Racial Privacy Initiative: Racial privacy- ideology and effect

The Racial Privacy Initiative, a proposed amendment to the California Constitution, has qualified for the March 2004 ballot. Its author and chief proponent is University of California Regent Ward Connerly, who chaired the Yes on Proposition 209 campaign for the last 11 months of that drive.

The initiative would bar state and local governments from using racial categories or classifications in most of their operations. One kind of racial classification the measure would eliminate is the racial and ethnic check-off boxes on most California government forms.

Connerly and some of its other advocates have described the initiative as the “logical sequel” to Proposition 209. This is incorrect. In fact, it is easy to show that in its effect the initiative would be an anti-209 measure. Beyond that, it would be quite destructive of any law protecting individuals against racial and ethnic discrimination.

The reason is simple: The initiative would prohibit the racial data collection that is essential to developing “pattern and practice” anti- discrimination lawsuits. Unless there is the possibility of developing such lawsuits, no meaningful enforcement of Proposition 209 or any other anti- discrimination law is possible.

The initiative would gut 209, but its destructive energies would sweep away much else as well. When drafting 209, Glynn Custred and I decided to limit its scope to the operation of public employment, public education and public contracting. (We wished to be prudent, partly with a view to legal considerations.) But there is no such restriction in the initiative. The measure says that the state shall not classify any individual by race and ethnicity in any other operation as well, unless the Legislature overrides the constitutional prohibition with a two-thirds supermajority, with the concurrence of the governor. If the state failed to meet this extraordinarily high hurdle, it would be barred from collecting the racial data that are essential to protecting individuals against racial and ethnic discrimination in private housing, the private-sector workplace, private schools and many other areas of our lives.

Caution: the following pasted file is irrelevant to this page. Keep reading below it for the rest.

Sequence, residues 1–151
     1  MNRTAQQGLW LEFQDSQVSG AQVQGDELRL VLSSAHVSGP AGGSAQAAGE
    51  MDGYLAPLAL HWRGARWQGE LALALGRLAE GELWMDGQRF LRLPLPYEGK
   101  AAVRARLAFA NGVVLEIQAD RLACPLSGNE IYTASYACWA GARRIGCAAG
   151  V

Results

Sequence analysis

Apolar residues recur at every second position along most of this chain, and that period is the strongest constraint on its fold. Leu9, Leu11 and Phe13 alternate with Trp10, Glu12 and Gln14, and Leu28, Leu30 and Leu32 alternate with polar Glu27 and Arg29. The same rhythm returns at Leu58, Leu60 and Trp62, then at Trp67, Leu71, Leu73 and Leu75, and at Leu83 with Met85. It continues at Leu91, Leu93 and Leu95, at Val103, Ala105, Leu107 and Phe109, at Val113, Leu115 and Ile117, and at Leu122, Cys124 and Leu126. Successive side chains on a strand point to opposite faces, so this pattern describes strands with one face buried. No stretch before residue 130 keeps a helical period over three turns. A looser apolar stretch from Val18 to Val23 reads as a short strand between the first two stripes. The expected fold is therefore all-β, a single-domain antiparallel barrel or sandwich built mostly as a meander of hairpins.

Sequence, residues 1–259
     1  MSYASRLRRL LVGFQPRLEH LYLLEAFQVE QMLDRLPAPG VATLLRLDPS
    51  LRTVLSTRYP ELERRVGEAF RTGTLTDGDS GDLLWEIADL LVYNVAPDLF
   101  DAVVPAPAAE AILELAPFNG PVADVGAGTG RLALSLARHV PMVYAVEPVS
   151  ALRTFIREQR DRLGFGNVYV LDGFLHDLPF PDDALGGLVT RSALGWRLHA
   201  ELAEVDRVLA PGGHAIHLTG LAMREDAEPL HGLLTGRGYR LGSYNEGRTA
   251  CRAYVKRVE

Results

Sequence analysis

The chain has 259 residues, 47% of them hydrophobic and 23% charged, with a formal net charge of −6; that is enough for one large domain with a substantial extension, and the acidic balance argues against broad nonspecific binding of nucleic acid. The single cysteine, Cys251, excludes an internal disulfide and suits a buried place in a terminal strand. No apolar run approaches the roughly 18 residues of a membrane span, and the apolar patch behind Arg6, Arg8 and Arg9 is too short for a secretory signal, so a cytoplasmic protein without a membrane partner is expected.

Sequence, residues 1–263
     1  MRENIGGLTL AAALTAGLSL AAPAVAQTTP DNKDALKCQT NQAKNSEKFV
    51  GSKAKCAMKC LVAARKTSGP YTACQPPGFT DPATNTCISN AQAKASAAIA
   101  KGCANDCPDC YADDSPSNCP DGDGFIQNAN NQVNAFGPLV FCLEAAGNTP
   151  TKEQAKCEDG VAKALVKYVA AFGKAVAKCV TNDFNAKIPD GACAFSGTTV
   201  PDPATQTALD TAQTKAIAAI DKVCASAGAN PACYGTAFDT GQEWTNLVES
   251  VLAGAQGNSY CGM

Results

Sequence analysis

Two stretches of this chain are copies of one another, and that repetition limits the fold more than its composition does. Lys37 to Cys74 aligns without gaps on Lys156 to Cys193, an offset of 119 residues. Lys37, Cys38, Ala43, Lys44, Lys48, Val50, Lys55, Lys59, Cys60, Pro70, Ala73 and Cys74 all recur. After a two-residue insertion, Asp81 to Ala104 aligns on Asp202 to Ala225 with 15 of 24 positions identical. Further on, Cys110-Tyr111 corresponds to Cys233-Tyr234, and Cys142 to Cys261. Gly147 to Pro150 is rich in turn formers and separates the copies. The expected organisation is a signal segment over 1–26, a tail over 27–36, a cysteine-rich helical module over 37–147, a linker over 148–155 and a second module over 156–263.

Formally, the initiative leaves Proposition 209 and all statutes that prohibit racial and ethnic discrimination in the public and private sectors in California intact. However, it would gut those laws because it would strike down the principal means of enforcing them.

Furthermore, Connerly is personally opposed to laws, enforceable or not, that prohibit racial and ethnic discrimination in the private sector. I have known this since 1997, when Connerly declared in a program on civil rights held at Claremont McKenna College that he would not favor a “private 209.” If he does not believe that there should be a “private 209,” then he does not believe that there should be a private U.S. Civil Rights Act either, or any other federal or state law designed to eliminate racial discrimination in the private sector.

This is the orthodox libertarian position on the matter, but it has consequences, for people’s lives are damaged by racial and ethnic discrimination. The strict libertarian must be prepared to countenance even extreme racial segregation in private housing, the workplace and other areas of private life. Because America has decisively rejected this position since the passage of the landmark U.S. Civil Rights Act in 1964, if not before, Connerly’s embrace of this position will prove to be highly controversial.

The question is not whether Connerly himself favors segregationist views — he does not. The question is whether he believes that government should be involved in the business of fighting racial discrimination in the private sector through enforceable laws. Most Americans believe that it should be, but it is a matter of public record that Connerly himself does not.

There is long-standing consensus in the United States that racial discrimination is a serious problem, and that government should do something about it. That consensus is now under direct challenge by the initiative. This is a controversy that California and the nation did not need. But since the initiative has qualified for the ballot, it is a battle that must be joined.

Thomas E. Wood, president of Americans Against Discrimination and Preferences, is the co-author and official proponent, with Glynn Custred, of Proposition 209, the California Civil Rights Initiative.

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